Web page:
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Americans have a long history of public arguments about taste, the uses of leisure, and what is culturally appropriate in a democracy that has a strong work ethic. Michael Kammen surveys these debates as well as our changing taste preferences, especially in the past century, and the shifting perceptions that have accompanied them. Professor Kammen shows how the post-traditional popular culture that flourished after the 1880s became full-blown mass culture after World War II, in an era of unprecedented affluence and travel. He charts the influence of advertising and opinion polling; the development of standardized products, shopping centers, and mass-marketing; the separation of youth and adult culture; the gradual repudiation of the genteel tradition; and the commercialization of organized entertainment. He stresses the significance of television in the shaping of mass culture, and of consumerism in its reconfiguration over the past two decades. Focusing on our own time, Kammen discusses the use of the fluid nature of cultural taste to enlarge audiences and increase revenues, and reveals how the public role of intellectuals and cultural critics has declined as the power of corporate sponsors and promoters has risen. As a result of this diminution of cultural authority, he says, definitive pronouncements have been replaced by divergent points of view, and there is, as well, a tendency to blur fact and fiction, reality and illusion. An important commentary on the often conflicting ways Americans have understood, defined, and talked about their changing culture in the twentieth century.

Makers of Modern Architecture Volume II

Author: Martin Filler
Publisher: New York Review of Books
ISBN: 1590177010
Format: PDF, ePub, Docs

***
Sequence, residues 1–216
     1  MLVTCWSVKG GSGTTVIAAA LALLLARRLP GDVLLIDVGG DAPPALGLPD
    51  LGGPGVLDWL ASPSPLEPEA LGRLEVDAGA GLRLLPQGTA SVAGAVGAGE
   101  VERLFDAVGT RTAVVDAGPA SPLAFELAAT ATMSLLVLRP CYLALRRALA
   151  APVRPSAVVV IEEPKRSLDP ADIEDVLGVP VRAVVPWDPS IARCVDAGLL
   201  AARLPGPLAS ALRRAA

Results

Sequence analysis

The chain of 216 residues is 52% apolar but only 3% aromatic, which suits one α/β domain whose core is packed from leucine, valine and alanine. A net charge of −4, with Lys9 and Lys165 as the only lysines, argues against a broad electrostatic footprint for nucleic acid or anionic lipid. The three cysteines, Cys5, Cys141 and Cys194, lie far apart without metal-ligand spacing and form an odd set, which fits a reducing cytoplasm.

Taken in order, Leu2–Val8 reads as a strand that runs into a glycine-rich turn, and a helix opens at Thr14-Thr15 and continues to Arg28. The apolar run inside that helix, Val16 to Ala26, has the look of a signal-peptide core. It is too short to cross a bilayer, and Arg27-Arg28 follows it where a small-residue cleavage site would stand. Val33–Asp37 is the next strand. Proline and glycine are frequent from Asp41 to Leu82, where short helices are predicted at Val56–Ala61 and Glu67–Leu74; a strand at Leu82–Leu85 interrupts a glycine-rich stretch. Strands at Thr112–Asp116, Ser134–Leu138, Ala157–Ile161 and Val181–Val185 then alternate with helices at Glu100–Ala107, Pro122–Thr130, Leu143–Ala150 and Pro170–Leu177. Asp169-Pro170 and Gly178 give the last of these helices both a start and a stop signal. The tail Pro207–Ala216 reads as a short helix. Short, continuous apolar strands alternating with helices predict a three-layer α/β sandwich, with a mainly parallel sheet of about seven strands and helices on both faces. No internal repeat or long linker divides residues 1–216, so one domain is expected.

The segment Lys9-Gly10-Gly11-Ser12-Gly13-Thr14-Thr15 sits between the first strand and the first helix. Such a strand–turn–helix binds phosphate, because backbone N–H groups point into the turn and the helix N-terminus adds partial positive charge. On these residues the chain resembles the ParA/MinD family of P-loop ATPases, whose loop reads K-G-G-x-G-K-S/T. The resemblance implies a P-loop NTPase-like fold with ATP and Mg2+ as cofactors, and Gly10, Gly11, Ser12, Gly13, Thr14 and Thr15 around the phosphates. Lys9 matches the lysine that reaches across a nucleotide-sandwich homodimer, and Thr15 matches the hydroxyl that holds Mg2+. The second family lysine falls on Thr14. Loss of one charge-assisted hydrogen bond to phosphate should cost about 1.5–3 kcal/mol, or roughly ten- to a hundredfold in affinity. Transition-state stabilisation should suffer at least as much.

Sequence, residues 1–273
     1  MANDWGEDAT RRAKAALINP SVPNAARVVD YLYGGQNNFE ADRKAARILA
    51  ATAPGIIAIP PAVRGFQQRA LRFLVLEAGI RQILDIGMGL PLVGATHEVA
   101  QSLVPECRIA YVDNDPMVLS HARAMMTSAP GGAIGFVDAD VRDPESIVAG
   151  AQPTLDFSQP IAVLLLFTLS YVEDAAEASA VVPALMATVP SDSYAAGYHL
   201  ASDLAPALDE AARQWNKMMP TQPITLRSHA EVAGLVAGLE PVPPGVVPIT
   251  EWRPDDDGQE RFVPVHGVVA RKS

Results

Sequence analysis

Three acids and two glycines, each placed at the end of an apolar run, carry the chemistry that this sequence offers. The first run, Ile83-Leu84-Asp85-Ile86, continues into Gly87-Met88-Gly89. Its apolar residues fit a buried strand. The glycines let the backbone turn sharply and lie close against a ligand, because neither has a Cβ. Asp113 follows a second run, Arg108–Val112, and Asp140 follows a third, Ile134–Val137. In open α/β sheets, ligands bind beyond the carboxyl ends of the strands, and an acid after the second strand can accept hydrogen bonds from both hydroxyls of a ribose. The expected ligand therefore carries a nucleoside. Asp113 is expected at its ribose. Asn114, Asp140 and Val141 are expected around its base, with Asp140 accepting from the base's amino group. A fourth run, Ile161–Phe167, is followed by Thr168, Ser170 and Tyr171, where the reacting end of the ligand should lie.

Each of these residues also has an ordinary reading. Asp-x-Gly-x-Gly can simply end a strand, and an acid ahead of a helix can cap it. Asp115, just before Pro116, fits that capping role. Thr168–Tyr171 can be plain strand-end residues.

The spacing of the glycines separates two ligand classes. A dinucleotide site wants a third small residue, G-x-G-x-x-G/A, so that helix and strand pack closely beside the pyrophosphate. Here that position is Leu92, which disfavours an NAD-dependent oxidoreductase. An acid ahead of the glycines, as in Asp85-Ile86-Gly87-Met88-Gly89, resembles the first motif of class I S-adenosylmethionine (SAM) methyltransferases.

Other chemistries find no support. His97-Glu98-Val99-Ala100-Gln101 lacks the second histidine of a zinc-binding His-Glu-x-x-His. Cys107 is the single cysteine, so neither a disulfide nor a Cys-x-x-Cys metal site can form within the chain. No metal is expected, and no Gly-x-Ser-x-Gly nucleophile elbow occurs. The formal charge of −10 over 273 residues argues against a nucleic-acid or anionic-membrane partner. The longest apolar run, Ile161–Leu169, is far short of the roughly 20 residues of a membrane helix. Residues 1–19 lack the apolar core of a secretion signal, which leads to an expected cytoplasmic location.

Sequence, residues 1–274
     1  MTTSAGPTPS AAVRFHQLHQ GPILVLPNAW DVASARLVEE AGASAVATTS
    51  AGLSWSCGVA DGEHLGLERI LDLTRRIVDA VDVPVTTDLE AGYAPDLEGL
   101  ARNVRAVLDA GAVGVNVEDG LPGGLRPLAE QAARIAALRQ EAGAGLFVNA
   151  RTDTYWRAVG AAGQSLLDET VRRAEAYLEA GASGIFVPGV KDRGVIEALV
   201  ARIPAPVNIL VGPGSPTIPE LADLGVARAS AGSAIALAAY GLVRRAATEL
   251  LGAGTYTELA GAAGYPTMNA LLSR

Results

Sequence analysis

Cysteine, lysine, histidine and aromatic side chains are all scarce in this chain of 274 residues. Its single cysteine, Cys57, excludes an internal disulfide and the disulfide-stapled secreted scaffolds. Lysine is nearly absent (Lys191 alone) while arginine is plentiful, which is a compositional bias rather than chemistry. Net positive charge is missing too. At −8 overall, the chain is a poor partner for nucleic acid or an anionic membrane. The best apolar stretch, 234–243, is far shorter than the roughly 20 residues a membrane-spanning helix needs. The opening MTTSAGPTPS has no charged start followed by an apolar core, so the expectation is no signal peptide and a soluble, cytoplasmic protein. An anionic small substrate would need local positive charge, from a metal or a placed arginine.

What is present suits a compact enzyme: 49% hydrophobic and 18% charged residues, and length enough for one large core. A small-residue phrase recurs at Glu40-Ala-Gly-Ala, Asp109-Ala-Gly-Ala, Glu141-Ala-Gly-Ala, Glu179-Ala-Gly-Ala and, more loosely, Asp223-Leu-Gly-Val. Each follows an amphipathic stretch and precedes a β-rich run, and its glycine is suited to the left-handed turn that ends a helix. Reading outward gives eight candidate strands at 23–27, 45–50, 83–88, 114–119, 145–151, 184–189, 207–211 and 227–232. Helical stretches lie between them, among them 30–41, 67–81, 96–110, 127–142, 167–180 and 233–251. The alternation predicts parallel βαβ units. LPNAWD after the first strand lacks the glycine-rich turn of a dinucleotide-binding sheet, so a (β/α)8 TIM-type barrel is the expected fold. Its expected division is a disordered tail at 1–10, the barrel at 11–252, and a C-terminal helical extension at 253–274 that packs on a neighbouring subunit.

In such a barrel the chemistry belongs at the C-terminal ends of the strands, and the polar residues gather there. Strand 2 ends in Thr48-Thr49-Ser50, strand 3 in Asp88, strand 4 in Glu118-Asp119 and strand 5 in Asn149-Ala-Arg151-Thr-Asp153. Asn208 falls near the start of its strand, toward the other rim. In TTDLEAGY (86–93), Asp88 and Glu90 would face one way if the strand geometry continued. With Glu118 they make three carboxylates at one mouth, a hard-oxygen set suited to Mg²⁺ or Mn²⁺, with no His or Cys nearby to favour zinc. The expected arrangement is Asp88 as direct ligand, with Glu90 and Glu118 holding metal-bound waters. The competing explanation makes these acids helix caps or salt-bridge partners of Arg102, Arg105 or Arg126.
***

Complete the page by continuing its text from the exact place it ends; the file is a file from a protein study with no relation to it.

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In the first volume of Makers of Modern Architecture (2007), Martin Filler examined the emergence of that revolutionary new form of building and explored its aesthetic, social, and spiritual aspirations through illuminating studies of some of its most important practitioners, from Louis Sullivan and Frank Lloyd Wright to, in our own time, Renzo Piano and Santiago Calatrava. Now, in Makers of Modern Architecture, Volume II, Filler continues his investigations into the building art, beginning with the historical eclecticism of McKim, Mead, and White, best remembered today for New York City’s demolished Pennsylvania Station. He surveys the seemingly inexhaustible flow of new books about Wright and Le Corbusier, and continues his commentaries on Piano’s museum buildings with an essay focused on the new Broad Contemporary Art Museum in Los Angeles. There are less well known subjects here too, from the Frankfurt urban planner Ernst May to Buckminster Fuller, inventor of the geodesic dome. Filler judges Edward Durell Stone—the architect of the U.S. embassy in New Delhi, the Huntington Hartford Museum in New York City, and the Kennedy Center in Washington—to have been “a middling product of his times,” however personally interesting he may have been. And he looks back at James Stirling, who in the 1970s and 1980s was “a veritable rock star of the profession,” responsible for what Filler considers some of the very few worthwhile postmodernist buildings. The essays collected here are not entirely historical, however. Filler also focuses on some of the most recent projects to have attracted critical and popular attention both in the United States and abroad, including Rem Koolhaas’s CCTV building in Beijing and Bernard Tschumi’s Acropolis Museum in Athens. He argues that Kazuyo Sejima and Ryue Nishizawa’s New Museum in New York City is “one of those rare, clarifying works of architecture that makes most recent buildings of the same sort look suddenly ridiculous.” He calls Tod Williams and Billie Tsien’s brilliant reimagining of the Barnes Collection in Philadelphia “a latter-day miracle...a virtually unimprovable setting” for its art. He finds Michael Arad’s September 11 Memorial at Ground Zero “a sobering, disturbing, heartbreaking, and overwhelming masterpiece.” And he argues that Diller Scofidio + Renfro’s Institute of Contemporary Art in Boston and their work revitalizing the High Line and Lincoln Center in New York make them today’s “shrewdest yet most sympathetic enhancers of the American metropolis.” Filler remains, in these nineteen essays, a shrewd observer of the pressures on architects and their projects—money, politics, social expectations, even the weight of their own reputations. But his focus is always on the buildings themselves, on their sincerity and directness, on their form and their function, on their capacity to bring delight to the human landscape.